thailand protests
Pro-democracy protesters during anti-government protests in Bangkok (Image: SOPA Images/Geem Drake)

When Thailand’s quasi-military government finally turned on protesters last Thursday with a typically ham-fisted overreaction that included water cannons and a slew of arrests, it only served to further anger a population fed up with the six-year administration of Prime Minster Prayut Chan-o-cha.

The popularity of the street marches, a long-favoured tactic of Thais who oppose the ruling government of the day, and one that has been effective in the past, has spread into broader society. Originally fomented by student leaders in July 2020, they have their genesis in the government banning of the Thai Future Forward Party and its charismatic leader Thanathorn Juangroongruangkit in February.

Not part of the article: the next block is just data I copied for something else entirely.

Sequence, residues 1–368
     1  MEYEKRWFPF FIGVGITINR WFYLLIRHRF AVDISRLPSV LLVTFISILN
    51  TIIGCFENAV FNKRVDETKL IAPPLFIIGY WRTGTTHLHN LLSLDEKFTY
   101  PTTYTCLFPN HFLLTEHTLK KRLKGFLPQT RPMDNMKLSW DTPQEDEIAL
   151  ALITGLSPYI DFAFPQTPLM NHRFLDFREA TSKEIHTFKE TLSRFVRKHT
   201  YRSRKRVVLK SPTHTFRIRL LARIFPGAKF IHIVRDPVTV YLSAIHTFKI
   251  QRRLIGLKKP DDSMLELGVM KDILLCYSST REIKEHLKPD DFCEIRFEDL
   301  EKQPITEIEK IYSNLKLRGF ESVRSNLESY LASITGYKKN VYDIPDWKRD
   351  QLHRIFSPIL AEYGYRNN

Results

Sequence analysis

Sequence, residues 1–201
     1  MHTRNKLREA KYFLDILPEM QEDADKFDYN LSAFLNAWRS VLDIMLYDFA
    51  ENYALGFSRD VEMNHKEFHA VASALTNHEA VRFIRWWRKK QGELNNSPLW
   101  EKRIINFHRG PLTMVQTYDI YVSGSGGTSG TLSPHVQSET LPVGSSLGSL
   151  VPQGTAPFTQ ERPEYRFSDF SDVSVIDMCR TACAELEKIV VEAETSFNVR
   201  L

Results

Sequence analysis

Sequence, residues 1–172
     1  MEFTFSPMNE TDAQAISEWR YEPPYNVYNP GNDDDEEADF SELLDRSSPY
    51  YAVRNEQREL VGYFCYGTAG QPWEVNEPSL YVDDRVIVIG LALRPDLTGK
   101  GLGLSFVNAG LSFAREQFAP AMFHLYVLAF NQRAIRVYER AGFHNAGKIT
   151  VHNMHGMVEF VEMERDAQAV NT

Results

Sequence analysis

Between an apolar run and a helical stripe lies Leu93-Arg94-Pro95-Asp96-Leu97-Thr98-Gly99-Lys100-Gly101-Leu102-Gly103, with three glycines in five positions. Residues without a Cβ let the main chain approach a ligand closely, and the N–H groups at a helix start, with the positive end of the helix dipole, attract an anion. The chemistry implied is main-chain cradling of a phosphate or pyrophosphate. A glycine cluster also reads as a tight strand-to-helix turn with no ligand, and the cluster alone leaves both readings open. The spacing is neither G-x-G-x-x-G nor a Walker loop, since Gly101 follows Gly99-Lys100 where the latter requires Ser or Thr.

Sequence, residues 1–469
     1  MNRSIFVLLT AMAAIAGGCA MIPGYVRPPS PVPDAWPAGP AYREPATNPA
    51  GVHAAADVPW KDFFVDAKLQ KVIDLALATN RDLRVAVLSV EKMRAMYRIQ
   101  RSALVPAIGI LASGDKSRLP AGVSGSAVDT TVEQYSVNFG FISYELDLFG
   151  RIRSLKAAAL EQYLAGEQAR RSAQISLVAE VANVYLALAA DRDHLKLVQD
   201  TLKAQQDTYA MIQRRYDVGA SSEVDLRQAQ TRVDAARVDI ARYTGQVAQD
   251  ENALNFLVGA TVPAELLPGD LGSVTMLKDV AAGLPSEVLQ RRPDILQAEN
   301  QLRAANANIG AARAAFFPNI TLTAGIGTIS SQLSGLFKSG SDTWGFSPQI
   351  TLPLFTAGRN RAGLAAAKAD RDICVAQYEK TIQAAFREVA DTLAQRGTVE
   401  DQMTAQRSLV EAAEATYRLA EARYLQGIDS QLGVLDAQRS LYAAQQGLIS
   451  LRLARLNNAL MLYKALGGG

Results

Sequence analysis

An emergency decree forbidding the assembly of more than five people and publication of information that “could create fear” or “affect national security” has been summarily ignored by protesters who have adopted the defiant three-fingered salute of rebels in The Hunger Games franchise.